Employment is decidedly up this year for Berkeley MBA graduates, with job offers received by more than 87 percent of the full-time class of 2011, compared with 77 percent of graduates at this time last year.
Students will go to work for 102 organizations in 15 countries, with typical and emergent industries are showing strong hiring, according to early data. Students will earn a median base salary of $115,000, and signing bonuses are currently averaging more than $22,500, according to preliminary figures. Top hiring firms to date include McKinsey & Company, Deloitte Consulting, Google, Genentech, Microsoft, Samsung, PG&E, and The Boston Consulting Group.
“Haas continues to develop leaders in a wide range of sectors that help redefine how business is done,” says Abby Scott, executive director of MBA Career Management, of the demand for Berkeley MBA students from this array of industries.
Carlo Woods, MBA 11, will be working in the emergent clean tech sector, joining SolarCity in San Mateo, Calif., as director of financial planning and analysis. Woods entered Haas to transition out of financial services and says he quickly became focused on solar energy. “I ultimately realized that, functionally, I wanted to remain in finance and searched for positions in clean-tech startups that would direct me on the CFO career path,” says Woods. “As a rapidly expanding, pre-IPO company, SolarCity is at the precise stage of growth for which I was looking.”
While at Haas, Woods took energy courses and worked on a number of experiential learning projects, including a go-to-market plan for a new type of solar cell in the Cleantech to Market course. He says he “used almost all the tools I could find” from Career Management. This included advising services, a networked job search team, and guidance on negotiating offers.
“If I were to pin down the one thing most helpful from Career Management, it would be the people–their knowledge, patience, and genuine interest in helping me reach my goal,” says Woods.
MBA Internship Offers Up
More than 98 percent of students from the full-time class of 2012 have reported receiving an internship offer, representing a significant increase from last year. These have come from 135 organizations in 19 countries. Top hiring firms include Google, Apple, McKinsey & Company, Microsoft, The Boston Consulting Group, Facebook, Autodesk, and Education Pioneers.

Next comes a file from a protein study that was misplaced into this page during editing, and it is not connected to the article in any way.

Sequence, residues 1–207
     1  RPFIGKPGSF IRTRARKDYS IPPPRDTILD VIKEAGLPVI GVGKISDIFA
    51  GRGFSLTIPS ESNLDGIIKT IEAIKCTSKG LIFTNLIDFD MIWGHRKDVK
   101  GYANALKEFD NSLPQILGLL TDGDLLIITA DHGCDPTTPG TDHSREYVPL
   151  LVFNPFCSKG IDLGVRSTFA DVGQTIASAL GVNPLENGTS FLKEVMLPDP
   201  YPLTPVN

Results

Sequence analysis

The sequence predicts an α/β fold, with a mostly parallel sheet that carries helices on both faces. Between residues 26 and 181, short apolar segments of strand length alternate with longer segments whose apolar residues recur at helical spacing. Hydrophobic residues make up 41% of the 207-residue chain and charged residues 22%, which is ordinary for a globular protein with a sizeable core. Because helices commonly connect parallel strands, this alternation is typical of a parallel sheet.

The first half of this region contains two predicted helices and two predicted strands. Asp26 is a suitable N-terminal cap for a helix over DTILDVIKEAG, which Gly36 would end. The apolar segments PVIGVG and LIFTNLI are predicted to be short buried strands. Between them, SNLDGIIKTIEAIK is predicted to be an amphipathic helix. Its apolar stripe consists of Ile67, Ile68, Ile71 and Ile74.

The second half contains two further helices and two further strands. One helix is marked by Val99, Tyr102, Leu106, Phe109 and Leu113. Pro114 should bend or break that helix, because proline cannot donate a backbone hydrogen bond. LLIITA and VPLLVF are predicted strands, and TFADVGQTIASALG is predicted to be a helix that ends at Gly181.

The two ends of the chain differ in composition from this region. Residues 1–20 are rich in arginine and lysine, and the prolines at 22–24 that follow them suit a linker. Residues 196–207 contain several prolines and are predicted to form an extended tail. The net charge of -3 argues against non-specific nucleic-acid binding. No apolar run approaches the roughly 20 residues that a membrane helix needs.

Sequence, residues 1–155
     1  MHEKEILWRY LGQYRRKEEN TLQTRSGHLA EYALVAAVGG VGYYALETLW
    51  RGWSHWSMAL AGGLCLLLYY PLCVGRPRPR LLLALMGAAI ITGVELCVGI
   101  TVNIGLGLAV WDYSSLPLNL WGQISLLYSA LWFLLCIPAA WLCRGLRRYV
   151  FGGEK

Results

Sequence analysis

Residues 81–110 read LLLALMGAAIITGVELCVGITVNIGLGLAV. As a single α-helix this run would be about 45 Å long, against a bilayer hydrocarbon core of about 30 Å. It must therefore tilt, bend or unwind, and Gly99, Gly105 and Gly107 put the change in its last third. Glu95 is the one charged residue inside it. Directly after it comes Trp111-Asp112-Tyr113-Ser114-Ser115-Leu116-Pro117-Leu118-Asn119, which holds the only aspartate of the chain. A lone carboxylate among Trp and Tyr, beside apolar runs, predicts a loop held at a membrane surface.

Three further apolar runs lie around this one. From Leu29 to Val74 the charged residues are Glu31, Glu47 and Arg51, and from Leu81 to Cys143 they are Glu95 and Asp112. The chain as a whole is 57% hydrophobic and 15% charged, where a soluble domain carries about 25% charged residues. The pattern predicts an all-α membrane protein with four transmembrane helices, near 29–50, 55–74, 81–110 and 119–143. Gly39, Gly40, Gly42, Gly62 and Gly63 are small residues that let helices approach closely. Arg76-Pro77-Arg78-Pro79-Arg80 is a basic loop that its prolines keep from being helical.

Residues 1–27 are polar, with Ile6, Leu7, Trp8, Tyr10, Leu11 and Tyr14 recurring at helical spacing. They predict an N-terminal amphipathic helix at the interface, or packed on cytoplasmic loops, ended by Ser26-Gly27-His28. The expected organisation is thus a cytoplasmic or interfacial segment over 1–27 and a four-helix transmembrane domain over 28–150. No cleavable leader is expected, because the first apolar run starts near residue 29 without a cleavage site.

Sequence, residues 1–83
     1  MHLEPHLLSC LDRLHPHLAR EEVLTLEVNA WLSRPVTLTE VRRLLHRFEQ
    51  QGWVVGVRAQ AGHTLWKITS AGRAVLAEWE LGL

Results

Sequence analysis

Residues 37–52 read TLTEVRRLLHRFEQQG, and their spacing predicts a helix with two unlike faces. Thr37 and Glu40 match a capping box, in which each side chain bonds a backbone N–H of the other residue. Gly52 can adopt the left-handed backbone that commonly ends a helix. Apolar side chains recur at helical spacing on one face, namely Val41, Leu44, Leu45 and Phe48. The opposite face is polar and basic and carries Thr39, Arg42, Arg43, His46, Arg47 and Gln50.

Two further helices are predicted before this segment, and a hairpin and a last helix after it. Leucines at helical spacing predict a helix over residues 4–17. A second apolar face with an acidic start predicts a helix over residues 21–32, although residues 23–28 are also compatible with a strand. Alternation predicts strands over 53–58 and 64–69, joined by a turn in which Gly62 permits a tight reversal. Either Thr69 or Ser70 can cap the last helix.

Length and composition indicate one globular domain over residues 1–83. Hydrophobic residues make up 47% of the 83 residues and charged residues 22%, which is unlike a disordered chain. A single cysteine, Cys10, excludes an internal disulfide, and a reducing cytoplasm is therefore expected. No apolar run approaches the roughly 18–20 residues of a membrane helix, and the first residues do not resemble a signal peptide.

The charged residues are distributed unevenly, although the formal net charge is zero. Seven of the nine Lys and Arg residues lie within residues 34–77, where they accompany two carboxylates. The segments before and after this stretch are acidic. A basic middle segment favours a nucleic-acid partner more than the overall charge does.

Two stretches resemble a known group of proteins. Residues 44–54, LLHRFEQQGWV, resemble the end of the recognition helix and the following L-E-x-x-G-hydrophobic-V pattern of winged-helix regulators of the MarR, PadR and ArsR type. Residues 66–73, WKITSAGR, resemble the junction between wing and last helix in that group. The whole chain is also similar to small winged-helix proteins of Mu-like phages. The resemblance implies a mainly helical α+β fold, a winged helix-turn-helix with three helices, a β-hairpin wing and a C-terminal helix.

Jessica Trogler, MBA 12, a former senior financial analyst for Google and investment banking associate for Goldman Sachs, is one first-year student who landed an internship that furthers her career goals: She has joined Visa for the summer as financial planning and analysis intern in Global Finance.
Trogler chose the job for its “big-picture” view of the company. “This role will expose me to the drivers of revenue and profitability for Visa,” she says. Her work includes building in-depth business cases for new projects and partnering with product strategists to quantify the financial impact of new product innovations. “I will have an opportunity to participate in Visa’s annual forecasting process and to work closely with the business units,” she says.
To help students maximize career search success early on, the annual Haas MBA Career Seminar sets students up in fall of their first year with skills, marketing tools, and a career strategy. The seminar, says Scott, “provides a framework for students to begin the process of evaluating their career goals while matching them to their values and skills."
Undergrad Hiring Up in Finance, Consulting, Marketing
For undergrads, employer activity significantly increased during the second semester compared to the fall semester as employers gained confidence in the economy, according to Tom Devlin, director of UC Berkeley’s undergraduate Career Center.
Devlin also credits student efforts. “The tenacity and early engagement of Haas undergraduates in the recruiting process resulted in well-prepared and network-savvy candidates,” he says.
Preliminary data indicate a 10 percent increase in on campus interviewing and employer participation in career fairs as well as a 20-25 percent increase in job postings compared to last year.
Finance, consulting, accounting, and marketing occupations all saw increased hiring by employers, according to Devlin. This was mirrored by “sustained internship opportunities for junior candidates in those industries,” he says. Three business graduates are joining Teach for America, one of the largest employers of Berkeley undergraduates.
“An internship as a gateway for full-time employment is becoming the primary recruiting tool as employers recognize the competitive marketplace for the best graduates,” observes Devlin. Beyond UC Berkeley, Devlin served as president of the National Association of Colleges and Employers this year.